One Voice Elaine Hedges reads the story as “One of the rare pieces of literature we have by a nineteenth-century woman which directly confronts the sexual politics of the male-female, husband-wife relationship” (114). In Charlotte Perkins-Gilman’s short story “The Yellow Wallpaper” she portrays a woman in the nineteenth century struggling to cure her “temporary nervous depression” due to the immobility her husband puts on her. During this time period, many males thought of women as weak and helpless, which exemplifies why the husband dominates his wife’s thoughts and actions, and as a result, empowers himself. Because this story exists as the narrator’s diary, the reader can assimilate the secrecy the narrator had behind her husband and the severity of her loss of control. Using the feminist perspective, Gilman illustrates the embodiment of the struggles faced by women in seeking freedom of thought and action.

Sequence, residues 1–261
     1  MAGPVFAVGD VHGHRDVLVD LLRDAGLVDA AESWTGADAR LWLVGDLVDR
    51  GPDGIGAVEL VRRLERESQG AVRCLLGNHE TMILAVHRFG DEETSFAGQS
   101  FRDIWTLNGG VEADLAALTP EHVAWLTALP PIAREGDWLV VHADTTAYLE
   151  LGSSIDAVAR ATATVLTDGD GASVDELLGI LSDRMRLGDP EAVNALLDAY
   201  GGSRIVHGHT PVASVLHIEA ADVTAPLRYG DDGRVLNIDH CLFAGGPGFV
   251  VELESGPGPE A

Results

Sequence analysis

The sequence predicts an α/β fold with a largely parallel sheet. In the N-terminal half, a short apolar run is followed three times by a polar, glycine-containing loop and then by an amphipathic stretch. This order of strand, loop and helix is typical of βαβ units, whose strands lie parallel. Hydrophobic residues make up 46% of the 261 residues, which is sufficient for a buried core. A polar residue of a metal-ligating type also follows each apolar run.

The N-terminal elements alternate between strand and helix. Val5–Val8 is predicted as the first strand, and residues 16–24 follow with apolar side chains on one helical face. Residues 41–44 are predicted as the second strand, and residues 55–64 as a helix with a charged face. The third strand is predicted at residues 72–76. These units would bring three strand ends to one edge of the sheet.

Through a woman's perspective of assumed insanity, Charlotte Perkins Gilman comments on the role of the female in the late nineteenth century society in relation to her male counterpart in her short story "The Yellow Wallpaper." Gilman uses her own experience with mental instability to show the lack of power that women wielded in shaping the course of their psychological treatment. Further she uses vivid and horrific imagery to draw on the imagination of the reader to conceive the terrors within the mind of the psychologically wounded. The un-named woman is to spend a summer away from home with her husband in what seems to be almost a dilapidated room of a "colonial mansion" (Gilman 832). In order to cure her "temporary nervous depression- a slight hysterical tendency" (Gilman 833) she is advised to do no work and to never to even think of her condition.